I also recognize that nearly everyone is more affected by suffering the closer it is – in terms of kinship, nationality, or species. Even when it comes to animal activists, a high-profile case of abuse will take a vastly disproportionate amount of time and resources. Including fish, about 99% of the animals killed in the U.S. every year die to be eaten, but nowhere near this percentage of the animal movement’s attention or resources go towards working for those tens of billions of individuals. This is understandable, since it is more gratifying to save known, identified individuals than unknown animals on farms.
Despite the uncertainty and emotional distance, I do think a rational calculation clearly shows the efficacy of taking part in the work of promoting veganism. Yet these numbers can’t speak to the pull of human suffering, nor the immediacy of cases of blatant cruelty to animals. Words cannot create a personal attachment or commitment to the individuals hidden from sight, as can a trip to a factory farm or even a visit to a farm animal shelter.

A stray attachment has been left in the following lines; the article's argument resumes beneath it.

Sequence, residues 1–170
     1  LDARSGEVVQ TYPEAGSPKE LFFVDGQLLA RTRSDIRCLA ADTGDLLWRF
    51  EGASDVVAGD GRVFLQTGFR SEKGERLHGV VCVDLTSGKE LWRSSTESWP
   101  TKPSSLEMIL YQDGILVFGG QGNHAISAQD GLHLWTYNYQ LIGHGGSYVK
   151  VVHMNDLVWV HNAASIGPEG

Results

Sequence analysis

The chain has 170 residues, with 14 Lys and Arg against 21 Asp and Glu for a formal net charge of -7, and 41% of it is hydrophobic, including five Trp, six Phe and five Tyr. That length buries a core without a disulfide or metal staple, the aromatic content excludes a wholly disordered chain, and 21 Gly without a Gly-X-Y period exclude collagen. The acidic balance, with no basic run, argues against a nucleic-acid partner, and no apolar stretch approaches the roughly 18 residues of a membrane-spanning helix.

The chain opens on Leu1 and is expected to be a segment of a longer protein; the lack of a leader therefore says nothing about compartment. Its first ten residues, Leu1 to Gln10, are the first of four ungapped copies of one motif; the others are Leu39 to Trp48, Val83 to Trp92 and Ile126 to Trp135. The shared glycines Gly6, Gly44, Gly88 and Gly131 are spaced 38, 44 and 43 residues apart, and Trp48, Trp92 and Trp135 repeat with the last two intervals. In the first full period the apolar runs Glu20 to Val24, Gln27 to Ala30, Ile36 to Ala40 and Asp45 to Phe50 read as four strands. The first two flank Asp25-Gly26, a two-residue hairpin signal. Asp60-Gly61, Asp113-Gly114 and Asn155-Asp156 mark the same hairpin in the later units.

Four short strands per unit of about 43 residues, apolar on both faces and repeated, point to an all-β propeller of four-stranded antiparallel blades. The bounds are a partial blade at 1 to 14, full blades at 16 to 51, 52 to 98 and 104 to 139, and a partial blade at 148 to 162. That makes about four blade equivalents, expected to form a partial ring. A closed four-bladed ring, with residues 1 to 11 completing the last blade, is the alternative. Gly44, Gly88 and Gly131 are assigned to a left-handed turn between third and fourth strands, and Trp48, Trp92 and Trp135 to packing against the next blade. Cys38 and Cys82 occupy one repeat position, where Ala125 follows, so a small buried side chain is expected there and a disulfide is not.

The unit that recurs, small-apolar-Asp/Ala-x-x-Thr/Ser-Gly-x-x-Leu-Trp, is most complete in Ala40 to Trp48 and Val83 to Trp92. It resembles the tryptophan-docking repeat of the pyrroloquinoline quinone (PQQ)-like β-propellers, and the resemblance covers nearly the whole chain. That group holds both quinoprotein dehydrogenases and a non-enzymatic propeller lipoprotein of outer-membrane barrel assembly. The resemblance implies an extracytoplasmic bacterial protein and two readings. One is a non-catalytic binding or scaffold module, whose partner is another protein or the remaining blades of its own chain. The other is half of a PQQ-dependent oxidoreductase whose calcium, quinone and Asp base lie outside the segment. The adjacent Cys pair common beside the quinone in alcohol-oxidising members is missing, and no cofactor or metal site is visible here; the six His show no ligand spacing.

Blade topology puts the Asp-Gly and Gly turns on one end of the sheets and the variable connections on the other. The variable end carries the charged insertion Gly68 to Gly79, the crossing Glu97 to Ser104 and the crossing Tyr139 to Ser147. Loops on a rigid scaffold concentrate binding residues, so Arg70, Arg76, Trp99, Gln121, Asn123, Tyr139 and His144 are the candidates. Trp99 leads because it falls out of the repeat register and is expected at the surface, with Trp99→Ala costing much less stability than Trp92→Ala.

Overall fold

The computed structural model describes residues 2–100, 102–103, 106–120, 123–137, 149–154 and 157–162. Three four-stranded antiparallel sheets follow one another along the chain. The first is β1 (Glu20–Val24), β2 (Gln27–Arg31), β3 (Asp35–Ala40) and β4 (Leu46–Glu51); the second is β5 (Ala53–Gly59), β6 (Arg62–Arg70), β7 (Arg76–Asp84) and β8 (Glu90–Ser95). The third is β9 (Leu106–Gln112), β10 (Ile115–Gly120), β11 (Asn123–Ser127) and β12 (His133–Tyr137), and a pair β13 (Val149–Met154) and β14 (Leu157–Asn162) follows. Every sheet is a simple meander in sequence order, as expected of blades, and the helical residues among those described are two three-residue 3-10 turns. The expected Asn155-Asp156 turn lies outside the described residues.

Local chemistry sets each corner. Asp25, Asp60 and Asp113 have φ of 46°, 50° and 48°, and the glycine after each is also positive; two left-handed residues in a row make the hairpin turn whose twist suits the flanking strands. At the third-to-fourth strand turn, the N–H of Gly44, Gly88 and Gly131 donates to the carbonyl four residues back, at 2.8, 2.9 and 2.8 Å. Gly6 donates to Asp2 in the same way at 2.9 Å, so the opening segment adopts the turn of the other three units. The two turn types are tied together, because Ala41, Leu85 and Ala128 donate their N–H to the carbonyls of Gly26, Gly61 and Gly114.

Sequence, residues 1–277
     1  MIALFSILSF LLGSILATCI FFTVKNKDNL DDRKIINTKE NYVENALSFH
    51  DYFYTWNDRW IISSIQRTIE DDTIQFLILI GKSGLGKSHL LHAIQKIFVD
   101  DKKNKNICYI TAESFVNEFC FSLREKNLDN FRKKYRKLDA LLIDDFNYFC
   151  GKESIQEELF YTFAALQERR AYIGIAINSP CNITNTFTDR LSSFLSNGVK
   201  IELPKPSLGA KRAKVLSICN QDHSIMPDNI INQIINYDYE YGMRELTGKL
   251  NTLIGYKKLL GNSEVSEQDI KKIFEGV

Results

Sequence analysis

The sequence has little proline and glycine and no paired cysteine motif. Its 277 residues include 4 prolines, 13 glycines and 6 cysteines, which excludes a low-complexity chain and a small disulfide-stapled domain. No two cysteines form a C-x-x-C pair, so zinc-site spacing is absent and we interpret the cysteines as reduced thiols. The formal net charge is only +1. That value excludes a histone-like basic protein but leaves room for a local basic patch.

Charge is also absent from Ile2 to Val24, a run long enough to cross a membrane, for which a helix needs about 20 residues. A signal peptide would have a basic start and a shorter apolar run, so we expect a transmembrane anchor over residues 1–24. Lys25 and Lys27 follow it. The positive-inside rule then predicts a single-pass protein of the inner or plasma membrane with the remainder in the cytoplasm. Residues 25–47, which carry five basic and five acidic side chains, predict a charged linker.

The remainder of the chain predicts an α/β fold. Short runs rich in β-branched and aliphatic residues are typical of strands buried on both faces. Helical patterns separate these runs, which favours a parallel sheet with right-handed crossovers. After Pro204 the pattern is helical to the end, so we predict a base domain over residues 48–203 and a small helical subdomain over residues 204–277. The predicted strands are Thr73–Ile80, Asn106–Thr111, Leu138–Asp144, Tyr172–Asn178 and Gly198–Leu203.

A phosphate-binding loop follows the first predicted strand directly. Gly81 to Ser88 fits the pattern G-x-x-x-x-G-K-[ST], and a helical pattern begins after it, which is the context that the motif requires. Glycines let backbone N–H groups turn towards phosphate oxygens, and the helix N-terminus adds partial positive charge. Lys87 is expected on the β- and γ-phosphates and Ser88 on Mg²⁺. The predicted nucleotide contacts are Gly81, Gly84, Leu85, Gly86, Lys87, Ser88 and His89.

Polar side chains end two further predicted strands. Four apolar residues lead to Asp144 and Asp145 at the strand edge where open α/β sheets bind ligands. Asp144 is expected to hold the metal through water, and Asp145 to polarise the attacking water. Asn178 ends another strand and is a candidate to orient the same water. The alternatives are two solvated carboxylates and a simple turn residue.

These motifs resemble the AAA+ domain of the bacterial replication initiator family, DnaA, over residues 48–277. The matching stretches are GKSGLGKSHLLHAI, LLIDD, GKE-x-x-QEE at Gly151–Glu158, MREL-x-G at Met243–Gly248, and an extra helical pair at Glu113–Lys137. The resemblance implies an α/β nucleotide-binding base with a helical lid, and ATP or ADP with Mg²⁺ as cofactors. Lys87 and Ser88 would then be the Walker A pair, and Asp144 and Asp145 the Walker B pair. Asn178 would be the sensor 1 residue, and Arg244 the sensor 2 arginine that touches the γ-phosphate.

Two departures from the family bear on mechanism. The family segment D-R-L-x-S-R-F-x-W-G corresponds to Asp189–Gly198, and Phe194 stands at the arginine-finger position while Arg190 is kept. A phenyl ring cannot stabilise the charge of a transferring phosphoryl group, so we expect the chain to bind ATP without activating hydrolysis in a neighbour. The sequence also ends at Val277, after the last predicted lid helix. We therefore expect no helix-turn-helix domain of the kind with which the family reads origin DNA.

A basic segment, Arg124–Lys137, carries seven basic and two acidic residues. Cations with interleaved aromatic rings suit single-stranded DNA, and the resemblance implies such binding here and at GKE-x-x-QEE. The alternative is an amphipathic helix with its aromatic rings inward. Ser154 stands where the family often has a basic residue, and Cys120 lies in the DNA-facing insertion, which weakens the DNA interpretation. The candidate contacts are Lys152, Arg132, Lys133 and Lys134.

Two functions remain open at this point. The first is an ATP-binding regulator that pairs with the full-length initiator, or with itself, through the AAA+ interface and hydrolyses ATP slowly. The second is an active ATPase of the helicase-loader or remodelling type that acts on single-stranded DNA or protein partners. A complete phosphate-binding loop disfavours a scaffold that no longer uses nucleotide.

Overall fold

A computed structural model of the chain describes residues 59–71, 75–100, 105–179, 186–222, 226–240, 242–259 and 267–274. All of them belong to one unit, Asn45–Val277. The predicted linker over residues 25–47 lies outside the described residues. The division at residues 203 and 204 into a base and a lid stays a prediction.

In the end, it comes down to simple beliefs. For me, I believe that a good, meaningful life requires living ethically. I believe that a consistent and thorough ethics doesn’t mean doing the easy or immediate, but working to maximize the impact I can have, regardless of the visibility of any “victory.” Because of that, I strive to lessen and prevent as much suffering as possible. And that is why I am dedicated to Vegan Outreach.
Of course, you hit the nail on the head: We make on our choices based on the consequences. Namely, we work to lessen and prevent suffering.
How to do this is neither simple, nor straightforward, as you point out. The path of causation is rarely short and direct. Consuming animal products doesn't cause suffering – the animal is already dead and can't suffer any more. Buying the product contributes money to the machinery that causes suffering; in other words, we are taking part in a boycott by choosing to be vegan.